A study praising the development of a potential treatment that might be applied to combat all recognized influenza strains was published online on January 13th, 2020.
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The COVID-19 pandemic in the United States began two and a half years later, one week after the first SARS-CoV-2 patient with laboratory confirmation emerged.
It is interesting to note that the global research team behind the influenza study had also looked into coronavirus therapy before the virus that momentarily halted their work arrived.
At the time we thought MERS would be the big target, which we were worried about because of its 35% mortality rate.”
David Markovitz, Professor, Internal Medicine, Division of Infectious Diseases, University of Michigan Medical School
The Middle Eastern Respiratory Syndrome, or MERS, briefly broke out in 2015 and was responsible for 858 confirmed fatalities.
The effectiveness of H84T-BanLec against all coronaviruses known to infect humans, including MERS, the original SARS, and SARS-CoV2, including the omicron version, is described in a study published in Cell Reports Medicine.
Peter Hinterdorfer, PhD, of the Johannes Kepler University Institute of Biophysics, and Kwok-Yung Yuen, MBBS, MD, of the University of Hong Kong, are two senior authors who collaborated with Markovitz. Jasper Fuk-Woo Chan, MD, of the University of Hong Kong, is the study’s first author.
Markovitz added, “When COVID-19 occurred, we of course wanted to study the therapy’s potential and discovered it was effective against every type of coronavirus, in vitro and in vivo. Whether delivered systemically or through the nose in animal models, or prophylactically or therapeutically early on in the illness, it worked.”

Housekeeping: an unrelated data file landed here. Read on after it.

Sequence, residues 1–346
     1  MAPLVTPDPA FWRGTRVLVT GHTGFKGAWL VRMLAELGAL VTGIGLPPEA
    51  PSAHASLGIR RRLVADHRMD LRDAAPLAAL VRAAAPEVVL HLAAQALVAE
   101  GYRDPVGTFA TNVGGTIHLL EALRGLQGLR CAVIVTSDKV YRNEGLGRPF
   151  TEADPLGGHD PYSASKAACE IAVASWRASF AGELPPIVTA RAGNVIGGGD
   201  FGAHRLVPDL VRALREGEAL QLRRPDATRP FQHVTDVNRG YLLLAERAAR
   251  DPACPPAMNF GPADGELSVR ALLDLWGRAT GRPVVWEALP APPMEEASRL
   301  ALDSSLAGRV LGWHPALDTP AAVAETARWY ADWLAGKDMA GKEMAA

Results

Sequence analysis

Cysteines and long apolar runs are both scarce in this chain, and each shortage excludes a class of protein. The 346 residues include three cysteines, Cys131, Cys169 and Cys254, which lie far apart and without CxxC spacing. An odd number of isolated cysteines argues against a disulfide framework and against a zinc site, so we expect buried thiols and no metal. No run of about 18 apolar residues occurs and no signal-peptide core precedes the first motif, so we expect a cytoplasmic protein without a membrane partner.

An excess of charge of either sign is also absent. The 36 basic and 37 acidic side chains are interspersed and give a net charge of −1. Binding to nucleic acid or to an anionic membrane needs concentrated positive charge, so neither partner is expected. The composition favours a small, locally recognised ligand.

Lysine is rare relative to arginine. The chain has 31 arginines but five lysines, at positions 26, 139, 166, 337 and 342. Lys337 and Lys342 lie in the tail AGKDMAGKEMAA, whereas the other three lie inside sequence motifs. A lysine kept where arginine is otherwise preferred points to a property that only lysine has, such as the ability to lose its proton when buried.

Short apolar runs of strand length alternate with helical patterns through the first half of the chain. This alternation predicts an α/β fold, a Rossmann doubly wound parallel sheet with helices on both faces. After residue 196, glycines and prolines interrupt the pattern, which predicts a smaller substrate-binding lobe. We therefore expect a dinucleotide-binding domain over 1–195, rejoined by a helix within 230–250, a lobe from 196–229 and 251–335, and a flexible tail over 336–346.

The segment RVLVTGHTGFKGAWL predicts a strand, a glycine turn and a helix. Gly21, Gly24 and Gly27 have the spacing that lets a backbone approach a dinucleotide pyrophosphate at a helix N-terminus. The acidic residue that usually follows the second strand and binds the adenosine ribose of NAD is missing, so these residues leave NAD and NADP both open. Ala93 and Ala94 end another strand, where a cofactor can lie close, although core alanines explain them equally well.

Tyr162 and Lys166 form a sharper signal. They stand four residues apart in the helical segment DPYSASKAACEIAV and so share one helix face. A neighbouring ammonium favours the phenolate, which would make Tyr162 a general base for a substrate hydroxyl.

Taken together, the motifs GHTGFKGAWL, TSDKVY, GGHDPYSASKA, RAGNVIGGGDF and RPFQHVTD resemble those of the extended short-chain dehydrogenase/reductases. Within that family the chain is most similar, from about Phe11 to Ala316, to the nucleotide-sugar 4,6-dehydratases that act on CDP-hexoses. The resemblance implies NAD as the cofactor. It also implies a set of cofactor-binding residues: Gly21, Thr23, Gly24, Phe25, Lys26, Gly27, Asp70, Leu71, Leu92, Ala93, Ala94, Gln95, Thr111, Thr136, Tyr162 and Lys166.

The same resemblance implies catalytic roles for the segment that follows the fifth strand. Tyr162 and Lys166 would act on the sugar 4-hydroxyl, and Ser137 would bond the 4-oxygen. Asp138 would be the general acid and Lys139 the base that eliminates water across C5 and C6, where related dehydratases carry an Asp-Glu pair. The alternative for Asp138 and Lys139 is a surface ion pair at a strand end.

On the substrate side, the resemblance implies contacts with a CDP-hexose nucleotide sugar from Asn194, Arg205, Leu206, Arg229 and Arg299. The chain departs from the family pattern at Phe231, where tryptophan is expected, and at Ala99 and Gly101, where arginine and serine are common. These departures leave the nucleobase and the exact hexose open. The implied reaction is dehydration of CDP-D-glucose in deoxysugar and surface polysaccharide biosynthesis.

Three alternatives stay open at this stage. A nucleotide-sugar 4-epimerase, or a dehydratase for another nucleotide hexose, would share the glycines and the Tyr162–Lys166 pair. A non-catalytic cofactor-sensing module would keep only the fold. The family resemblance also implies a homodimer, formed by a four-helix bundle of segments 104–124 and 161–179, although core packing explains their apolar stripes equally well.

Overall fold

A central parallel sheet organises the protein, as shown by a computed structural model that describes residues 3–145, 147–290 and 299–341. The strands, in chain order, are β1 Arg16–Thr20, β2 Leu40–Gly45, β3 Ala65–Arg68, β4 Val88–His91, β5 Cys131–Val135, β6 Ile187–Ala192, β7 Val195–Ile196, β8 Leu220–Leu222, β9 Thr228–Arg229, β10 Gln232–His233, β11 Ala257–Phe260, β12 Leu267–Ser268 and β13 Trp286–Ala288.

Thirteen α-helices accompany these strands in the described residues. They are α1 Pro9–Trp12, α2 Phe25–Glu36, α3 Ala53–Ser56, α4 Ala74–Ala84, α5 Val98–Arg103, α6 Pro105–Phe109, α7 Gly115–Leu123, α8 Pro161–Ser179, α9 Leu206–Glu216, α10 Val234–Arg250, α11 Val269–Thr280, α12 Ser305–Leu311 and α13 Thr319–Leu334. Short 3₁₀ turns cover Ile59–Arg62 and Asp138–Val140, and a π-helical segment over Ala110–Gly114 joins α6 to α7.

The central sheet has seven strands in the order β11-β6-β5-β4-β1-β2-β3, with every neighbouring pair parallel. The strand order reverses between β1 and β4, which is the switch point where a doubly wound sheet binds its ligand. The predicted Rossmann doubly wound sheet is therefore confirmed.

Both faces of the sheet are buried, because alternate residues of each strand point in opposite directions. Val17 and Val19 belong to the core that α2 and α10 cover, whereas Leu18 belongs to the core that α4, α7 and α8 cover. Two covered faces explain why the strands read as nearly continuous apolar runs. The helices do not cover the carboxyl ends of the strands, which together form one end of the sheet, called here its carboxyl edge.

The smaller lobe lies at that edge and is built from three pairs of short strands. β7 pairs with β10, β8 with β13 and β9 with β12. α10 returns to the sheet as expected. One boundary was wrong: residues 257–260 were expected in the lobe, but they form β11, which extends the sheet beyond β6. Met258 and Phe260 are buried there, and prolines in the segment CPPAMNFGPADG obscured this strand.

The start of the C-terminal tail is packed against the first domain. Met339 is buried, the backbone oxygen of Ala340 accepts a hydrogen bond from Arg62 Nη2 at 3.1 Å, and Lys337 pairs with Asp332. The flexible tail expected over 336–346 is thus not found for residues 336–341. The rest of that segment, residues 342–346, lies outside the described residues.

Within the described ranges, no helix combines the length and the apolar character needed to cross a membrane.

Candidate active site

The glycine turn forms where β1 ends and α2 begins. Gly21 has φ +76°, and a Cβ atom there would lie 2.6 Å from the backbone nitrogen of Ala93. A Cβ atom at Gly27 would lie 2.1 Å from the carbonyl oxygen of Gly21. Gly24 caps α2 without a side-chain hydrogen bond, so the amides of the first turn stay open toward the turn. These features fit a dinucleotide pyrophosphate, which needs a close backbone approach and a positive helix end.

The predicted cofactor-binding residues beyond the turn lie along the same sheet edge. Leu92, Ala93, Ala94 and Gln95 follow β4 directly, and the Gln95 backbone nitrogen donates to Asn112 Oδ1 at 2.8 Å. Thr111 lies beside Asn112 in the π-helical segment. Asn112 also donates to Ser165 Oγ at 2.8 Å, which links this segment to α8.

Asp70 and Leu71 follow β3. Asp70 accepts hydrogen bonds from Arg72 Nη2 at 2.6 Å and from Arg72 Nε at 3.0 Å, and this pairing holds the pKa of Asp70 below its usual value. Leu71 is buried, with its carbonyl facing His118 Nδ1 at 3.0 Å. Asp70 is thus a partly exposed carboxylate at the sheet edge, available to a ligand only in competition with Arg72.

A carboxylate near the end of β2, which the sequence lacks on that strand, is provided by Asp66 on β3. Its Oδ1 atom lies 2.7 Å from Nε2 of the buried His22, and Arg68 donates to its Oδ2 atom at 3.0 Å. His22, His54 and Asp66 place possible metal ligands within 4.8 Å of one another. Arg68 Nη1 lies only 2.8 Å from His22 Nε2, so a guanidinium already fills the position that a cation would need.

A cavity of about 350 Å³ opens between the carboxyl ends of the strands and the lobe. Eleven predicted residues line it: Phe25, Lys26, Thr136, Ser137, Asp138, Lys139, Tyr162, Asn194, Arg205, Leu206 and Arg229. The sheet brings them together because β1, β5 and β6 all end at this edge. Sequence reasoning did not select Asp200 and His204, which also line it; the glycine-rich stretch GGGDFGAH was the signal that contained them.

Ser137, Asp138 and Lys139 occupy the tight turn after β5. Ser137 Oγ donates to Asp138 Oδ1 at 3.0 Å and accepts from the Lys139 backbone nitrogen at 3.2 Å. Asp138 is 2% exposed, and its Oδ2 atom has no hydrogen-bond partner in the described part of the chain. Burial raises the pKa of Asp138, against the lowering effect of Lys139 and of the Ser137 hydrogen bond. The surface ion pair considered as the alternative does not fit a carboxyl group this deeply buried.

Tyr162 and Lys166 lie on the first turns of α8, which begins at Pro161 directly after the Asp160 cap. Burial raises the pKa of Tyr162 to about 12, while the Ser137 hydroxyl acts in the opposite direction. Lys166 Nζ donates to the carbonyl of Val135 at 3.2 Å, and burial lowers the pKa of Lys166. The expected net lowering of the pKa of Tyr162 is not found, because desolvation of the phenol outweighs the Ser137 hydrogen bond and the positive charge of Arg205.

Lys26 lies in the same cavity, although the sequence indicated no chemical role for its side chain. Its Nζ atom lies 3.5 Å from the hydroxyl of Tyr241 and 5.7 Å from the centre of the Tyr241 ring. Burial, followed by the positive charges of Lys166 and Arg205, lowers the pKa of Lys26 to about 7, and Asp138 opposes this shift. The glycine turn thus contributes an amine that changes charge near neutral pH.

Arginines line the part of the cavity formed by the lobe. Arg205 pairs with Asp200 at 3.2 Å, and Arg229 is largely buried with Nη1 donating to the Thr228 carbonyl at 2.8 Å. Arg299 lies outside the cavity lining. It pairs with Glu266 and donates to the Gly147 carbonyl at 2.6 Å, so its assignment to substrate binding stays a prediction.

A lectin (a protein that binds to carbohydrates) that was isolated from banana fruit is the source of H84T-BanLec. It binds to high-mannose glycans, polysaccharides found on the surface of viruses but very rarely on the surfaces of healthy, normal human cells, to achieve its amazing viral-blocking powers. Once bound, the virus is unable to infect cells.
The scientists demonstrated that H84T forms several strong connections with the spike protein using atomic force microscopy and similar techniques, which, according to Markovitz, presumably explains why it is challenging for a coronavirus to be resistant to the lectin.
Since they are proteins that might possibly impair the immune system, lectins have long been shunned as potential therapeutics despite their antiviral potential, according to Markovitz. H84T-BanLec, which has been altered to eliminate this effect, had no negative consequences in animal models.
Remdesivir, Paxlovid, and monoclonal antibodies are only a few of the COVID-19 therapies that are now available. However, due to their varying degrees of efficacy, side effects, and usefulness, many of them have become less effective as SARS-CoV2 continues to develop.
The team believes that H84T-BanLec has a special potential since it is efficient against all coronavirus variants and influenza viruses. Markovitz and the team are hoping that the treatment will make the more challenging transition from testing in animals to people.
In seasonal and pandemic scenarios, the team envisions a nasal spray or drops that could be utilized to combat or prevent coronavirus and influenza infections. The use of H84T-BanLec against cancer is another goal, as cancer cells contain high mannose glycan surfaces much like viruses do.
- Chan, J. F.-W., et al. (2022). A molecularly engineered, broad-spectrum anti-coronavirus lectin inhibits SARS-CoV-2 and MERS-CoV infection in vivo. Cell Reports Medicine. doi.org/10.1016/j.xcrm.2022.100774
- Covés-Datson, E. M., et al. (2022). A molecularly engineered antiviral banana lectin inhibits fusion and is efficacious against influenza virus infection in vivo. Proceedings of the National Academy of Sciences. doi.org/10.1073/pnas.1915152117